Although there are additional crimes listed in this Georgia code that are punishable by death, they were negated in 2008 from a ruling by the U.S. Supreme Court in Kennedy v. Louisiana that the death penalty is unconstitutional when applied to non-homicidal crimes against the person, however crimes “against the state” such as treason or terrorism would not likely be unconstitutional. So while these crimes are still “on the books”, the death penalty is not enforceable because precedent has ruled it unconstitutional.

There are a few additional and more obscure rights afforded by a Grand Jury hearing, that function similarly to Double Jeopardy.

O.C.G.A. § 17-7-53 States that two returns of “no bill” by grand juries on the same charge or allegation shall be a bar to any future prosecution of a person for the same offense under the same or another name; provided, in part, that if there is newly discovered evidence, upon proof, the judge may allow a third bill to be presented, found, and prosecuted.

Additionally, O.C.G.A. § 17-7-53.1 states that if, upon the return of two “true bills” of Indictments or presentments by a grand jury on the same allegation, the Indictments or presentments are quashed for the second time, such actions shall be a bar to any future prosecution of such defendant for the offense, charge, or allegation.


In the case of Weatherbed v. State, 524 S.E.2d 452, 271 Ga. 736 (Ga. 1999), Weatherbed pled guilty to an Accusation for malice murder and was sentenced to life in prison. He was represented by counsel and waived Indictment in writing. On November 28, 1995, he filed a pro se “Motion for Extension to Appeal,” which was denied. Through counsel, he filed a motion for an out-of-time appeal on August 13, 1998, asserting that his trial counsel was ineffective for not informing him of his right to appeal, and the court denied the motion.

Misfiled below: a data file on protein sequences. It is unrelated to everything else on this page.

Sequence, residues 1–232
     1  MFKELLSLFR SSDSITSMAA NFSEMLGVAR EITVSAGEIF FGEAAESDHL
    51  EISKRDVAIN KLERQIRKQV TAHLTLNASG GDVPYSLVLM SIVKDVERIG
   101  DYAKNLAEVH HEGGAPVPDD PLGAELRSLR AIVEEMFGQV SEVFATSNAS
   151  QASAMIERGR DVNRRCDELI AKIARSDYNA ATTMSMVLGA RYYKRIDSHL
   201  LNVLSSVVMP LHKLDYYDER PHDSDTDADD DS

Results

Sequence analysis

Upon further examination, however, the court found a different yet critical error- it was unconstitutional for Weatherbed to be convicted of murder, a capital felony, without being indicted. Essentially, although the judge accepted the waiver of Indictment, it was illegal for them to do so and compromised the legality of the trial.

The court ruled: “The judgment of a court having no jurisdiction of the person or subject matter, or void for any other cause, is a mere nullity and may [271 Ga. 737] be so held in any court when it becomes material to the interest of the parties to consider it. OCGA § 17-9-4. Because of the failure to indict Weatherbed, his conviction and sentence are void and must be reversed.

Under the common law prior to the passage of OCGA § 17-7-70 and its predecessors, the superior court had no jurisdiction to try, or accept a plea of guilty of one charged with a felony until the grand jury had returned an Indictment. By [enactment of OCGA § 17-7-70] the court was given jurisdiction so to do in felony cases, but was expressly excluded therefrom as to those “punishable by death or life imprisonment.”

The court then cited Darden v. Ravan, 232 Ga. 756, 758(1), 208 S.E.2d 846 (1974) and ruled: “Without an Indictment, the trial court had no jurisdiction to accept Weatherbed’s plea and sentence him. When a trial court enters a judgment where it does not have jurisdiction, such judgment is a mere nullity; but an appeal from such an illegal judgment will not be dismissed but instead, the void judgment will be reversed.”

Also of note was their statement that the fact that the State did not seek the death penalty did not take this case outside the ambit of OCGA § 17-7-70.


If you have been accused or indicted for a charge in Georgia, give Bixon Law a call today to speak to one of our experienced Georgia criminal defense lawyers. We will vigorously defend your legal rights and advocate on your behalf to have your case dismissed or the charges against you reduced. As experienced trial attorneys, we are also not afraid to take your case to trial if necessary. We represent clients in Atlanta and throughout the state of Georgia. We are lawyers who are committed to helping people in difficult situations, and we invite you to call us at 404-551-5684 for a free consultation today.